More Modern Fuel Woes

General Chat with an emphasis on BMC Minis & Other iconic cars of the 1960's. Includes information on MK1 Action days.
NickD
Posts: 83
Joined: Mon Jul 19, 2010 11:02 pm

More Modern Fuel Woes

Post by NickD »

I found today some other examples of the problems that can arise when using modern fuels in old minis. I noticed that the fuel tank had an area of bare metal below the sender unit and so removed the tank to investigate and repaint. Fuel had been leaking around the sender unit and had dissolved the paint from a large area around the bottom of the tank. I removed the locking ring and sender unit from the tank and found that the rubber seal had also been dissolved by the fuel, leaving only a few crumbled remains. Even worse, the fuel had also softened some of the two-pack paint around the lower tank mounting plate so that an area of this had peeled away too.

The car hasn’t been used recently due to a gearbox problem so the fuel is probably about 20 months old. Has anyone else noticed/suspected that these new fuels seem to become more corrosive with age? The fuel that I removed from the tank will dissolve the remaining paint from the tank in seconds, so that it just wipes off with a rag in a similar (but faster) fashion to brake fluid on cellulose paint.
All this is very worrying as there is no way to be sure that seals (or paint!) will survive long-term, even if they initially seem OK.

Polarsilver
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Joined: Fri Jan 15, 2016 1:22 pm

Re: More Modern Fuel Woes

Post by Polarsilver »

Best of luck with the solution ,
My biggest issue starts when this old useless fuel is drained off is how to dispose of this old dead Petrol .. no easy method that i have found :roll:

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Peter Laidler
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Location: Abingdon Oxfordshire

Re: More Modern Fuel Woes

Post by Peter Laidler »

I had the opposite happen to me with fuel. Laid up my 2000 RCSport500 for the spring of 2017 and didn't bring it out of hibernation until May 2019. Brought it home not expecting it to start but (battery kept on low trickle over lay-up) due to stale fuel but it kicked into life straight away. Took it to get MoT a few days later expecting it to fail emissions due to same stale fuel. Nope, sailed through. I was expecting the fuel to be as crap as the emissions usually are. But nope!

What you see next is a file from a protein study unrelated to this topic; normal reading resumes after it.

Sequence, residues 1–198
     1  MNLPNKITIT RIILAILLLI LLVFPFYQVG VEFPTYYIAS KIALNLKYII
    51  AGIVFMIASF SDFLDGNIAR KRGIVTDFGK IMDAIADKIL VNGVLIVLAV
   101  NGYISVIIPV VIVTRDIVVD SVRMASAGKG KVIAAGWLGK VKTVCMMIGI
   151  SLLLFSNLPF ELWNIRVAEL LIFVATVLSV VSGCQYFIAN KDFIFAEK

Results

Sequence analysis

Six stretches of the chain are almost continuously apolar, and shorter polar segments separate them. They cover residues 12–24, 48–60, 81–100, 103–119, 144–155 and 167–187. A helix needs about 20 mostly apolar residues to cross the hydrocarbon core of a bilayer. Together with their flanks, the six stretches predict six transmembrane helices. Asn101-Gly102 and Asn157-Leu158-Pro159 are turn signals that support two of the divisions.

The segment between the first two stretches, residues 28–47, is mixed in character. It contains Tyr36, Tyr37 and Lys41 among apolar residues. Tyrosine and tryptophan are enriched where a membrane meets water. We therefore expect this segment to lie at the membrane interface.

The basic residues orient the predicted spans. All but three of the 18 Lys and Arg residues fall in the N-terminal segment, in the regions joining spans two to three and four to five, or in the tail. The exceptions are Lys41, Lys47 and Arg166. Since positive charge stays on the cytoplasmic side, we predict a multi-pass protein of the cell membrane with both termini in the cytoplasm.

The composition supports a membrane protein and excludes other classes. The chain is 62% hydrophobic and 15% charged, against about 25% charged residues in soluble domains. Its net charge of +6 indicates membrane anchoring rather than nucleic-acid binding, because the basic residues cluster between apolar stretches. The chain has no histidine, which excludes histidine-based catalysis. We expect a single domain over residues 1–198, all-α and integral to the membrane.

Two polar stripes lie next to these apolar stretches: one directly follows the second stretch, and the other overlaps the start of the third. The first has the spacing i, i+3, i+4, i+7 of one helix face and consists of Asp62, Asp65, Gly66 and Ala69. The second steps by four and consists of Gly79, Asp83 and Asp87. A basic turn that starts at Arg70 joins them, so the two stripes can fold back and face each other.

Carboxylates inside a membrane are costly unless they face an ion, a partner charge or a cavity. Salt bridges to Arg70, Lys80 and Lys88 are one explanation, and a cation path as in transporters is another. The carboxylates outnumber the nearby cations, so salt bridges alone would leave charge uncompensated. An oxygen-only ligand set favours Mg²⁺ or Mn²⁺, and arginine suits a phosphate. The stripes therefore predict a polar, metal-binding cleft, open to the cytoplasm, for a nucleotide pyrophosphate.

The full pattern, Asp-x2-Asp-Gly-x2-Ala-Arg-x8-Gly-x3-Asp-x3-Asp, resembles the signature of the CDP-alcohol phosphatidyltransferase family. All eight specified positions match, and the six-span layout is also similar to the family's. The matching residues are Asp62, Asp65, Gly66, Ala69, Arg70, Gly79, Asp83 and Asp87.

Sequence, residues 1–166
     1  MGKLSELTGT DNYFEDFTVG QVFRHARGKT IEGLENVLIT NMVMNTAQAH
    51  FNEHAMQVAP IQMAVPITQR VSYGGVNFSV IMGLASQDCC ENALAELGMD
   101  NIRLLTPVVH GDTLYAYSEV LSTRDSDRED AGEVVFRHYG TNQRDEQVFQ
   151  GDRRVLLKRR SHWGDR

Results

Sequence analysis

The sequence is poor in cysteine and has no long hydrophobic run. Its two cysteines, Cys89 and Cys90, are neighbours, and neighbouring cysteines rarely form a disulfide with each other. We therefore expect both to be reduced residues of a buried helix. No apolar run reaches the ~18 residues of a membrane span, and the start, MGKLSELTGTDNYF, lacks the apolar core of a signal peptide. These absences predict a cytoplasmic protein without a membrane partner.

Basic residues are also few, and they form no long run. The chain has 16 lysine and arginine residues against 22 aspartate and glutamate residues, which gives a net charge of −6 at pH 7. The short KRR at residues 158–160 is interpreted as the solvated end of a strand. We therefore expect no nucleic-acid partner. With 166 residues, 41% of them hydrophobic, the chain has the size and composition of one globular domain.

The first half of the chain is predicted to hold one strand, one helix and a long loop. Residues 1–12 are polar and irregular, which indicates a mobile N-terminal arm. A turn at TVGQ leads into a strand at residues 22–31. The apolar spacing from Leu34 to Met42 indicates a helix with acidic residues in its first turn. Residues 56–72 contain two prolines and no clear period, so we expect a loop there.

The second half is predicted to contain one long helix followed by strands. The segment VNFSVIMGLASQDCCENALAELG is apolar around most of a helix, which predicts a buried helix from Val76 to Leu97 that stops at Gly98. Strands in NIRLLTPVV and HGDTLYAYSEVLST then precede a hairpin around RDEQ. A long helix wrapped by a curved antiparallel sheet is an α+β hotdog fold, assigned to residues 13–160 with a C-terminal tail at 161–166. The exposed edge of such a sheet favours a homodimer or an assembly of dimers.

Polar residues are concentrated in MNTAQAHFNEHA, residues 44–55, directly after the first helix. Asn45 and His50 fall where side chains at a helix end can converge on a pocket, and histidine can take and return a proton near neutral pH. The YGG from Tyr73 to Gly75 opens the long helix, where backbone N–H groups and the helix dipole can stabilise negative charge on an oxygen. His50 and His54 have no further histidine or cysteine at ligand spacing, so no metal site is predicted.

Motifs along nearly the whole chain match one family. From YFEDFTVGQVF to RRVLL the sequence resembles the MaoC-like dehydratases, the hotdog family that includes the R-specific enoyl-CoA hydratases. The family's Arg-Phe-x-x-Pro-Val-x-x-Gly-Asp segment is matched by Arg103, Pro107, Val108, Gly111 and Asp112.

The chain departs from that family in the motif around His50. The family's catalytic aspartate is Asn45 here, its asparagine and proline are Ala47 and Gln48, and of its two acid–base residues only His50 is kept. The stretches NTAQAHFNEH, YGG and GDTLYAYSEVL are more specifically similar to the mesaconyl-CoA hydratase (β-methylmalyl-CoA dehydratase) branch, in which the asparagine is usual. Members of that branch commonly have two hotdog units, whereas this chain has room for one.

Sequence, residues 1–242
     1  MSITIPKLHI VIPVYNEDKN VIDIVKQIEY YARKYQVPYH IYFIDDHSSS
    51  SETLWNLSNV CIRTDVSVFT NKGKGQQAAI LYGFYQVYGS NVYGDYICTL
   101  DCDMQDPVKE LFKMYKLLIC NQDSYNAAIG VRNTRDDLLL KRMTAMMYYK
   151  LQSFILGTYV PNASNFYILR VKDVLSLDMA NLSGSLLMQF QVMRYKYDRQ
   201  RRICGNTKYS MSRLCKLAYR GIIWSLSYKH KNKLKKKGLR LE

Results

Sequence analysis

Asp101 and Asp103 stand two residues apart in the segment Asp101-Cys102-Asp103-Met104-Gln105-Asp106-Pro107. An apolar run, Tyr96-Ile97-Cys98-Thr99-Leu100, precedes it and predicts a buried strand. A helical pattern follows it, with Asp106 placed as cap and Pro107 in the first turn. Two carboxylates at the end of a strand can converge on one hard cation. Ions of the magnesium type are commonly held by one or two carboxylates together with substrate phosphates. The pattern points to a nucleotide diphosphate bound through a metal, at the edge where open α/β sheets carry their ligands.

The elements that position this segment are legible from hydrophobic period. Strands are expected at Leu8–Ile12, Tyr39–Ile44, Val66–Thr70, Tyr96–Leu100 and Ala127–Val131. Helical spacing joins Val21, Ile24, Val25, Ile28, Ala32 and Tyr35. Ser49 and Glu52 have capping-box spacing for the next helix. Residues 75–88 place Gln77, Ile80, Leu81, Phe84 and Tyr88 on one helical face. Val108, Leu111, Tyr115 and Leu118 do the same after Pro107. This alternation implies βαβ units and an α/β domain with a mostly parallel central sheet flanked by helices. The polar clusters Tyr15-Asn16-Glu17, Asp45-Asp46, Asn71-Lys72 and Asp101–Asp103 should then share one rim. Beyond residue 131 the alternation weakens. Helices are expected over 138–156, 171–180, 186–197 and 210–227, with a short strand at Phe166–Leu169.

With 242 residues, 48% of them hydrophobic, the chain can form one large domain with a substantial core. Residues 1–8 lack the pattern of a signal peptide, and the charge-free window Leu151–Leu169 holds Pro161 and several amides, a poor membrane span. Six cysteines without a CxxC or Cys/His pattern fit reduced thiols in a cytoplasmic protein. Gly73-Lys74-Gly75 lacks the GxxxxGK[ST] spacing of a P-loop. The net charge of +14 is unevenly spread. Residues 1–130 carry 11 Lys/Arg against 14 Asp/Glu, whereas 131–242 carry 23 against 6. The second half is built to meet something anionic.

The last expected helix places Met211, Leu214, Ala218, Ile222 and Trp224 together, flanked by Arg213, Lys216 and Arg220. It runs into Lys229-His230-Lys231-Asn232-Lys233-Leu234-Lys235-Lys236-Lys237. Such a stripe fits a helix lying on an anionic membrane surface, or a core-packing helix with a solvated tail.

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Spider
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Location: Big Red, Australia

Re: More Modern Fuel Woes

Post by Spider »

Benzene is added to 'modern' fuels to increase the octane. Benzene is also one of the main components of Paint Thinners !

I know with some 'aged' fuels their paint dissolving abilities increase. Just why this is, I don't know (I'm no chemist) but yes, I've had very similar experiences as you have had Nick. It's cat's pee - dreadful stuff, but what we're stuck with.

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mab01uk
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Joined: Thu Jun 24, 2010 7:08 pm

Re: More Modern Fuel Woes

Post by mab01uk »

Peter Laidler wrote:I had the opposite happen to me with fuel. Laid up my 2000 RCSport500 for the spring of 2017 and didn't bring it out of hibernation until May 2019. Brought it home not expecting it to start but (battery kept on low trickle over lay-up) due to stale fuel but it kicked into life straight away. Took it to get MoT a few days later expecting it to fail emissions due to same stale fuel. Nope, sailed through. I was expecting the fuel to be as crap as the emissions usually are. But nope!
I have noticed that modern fuel does not go stale in injection Minis as quickly as it does in an older carb Mini, I have been told this is because the 'closed loop' fuel system of a modern fuel injection car is far better sealed from the atmosphere and therefore the fuel takes far longer to degrade over time.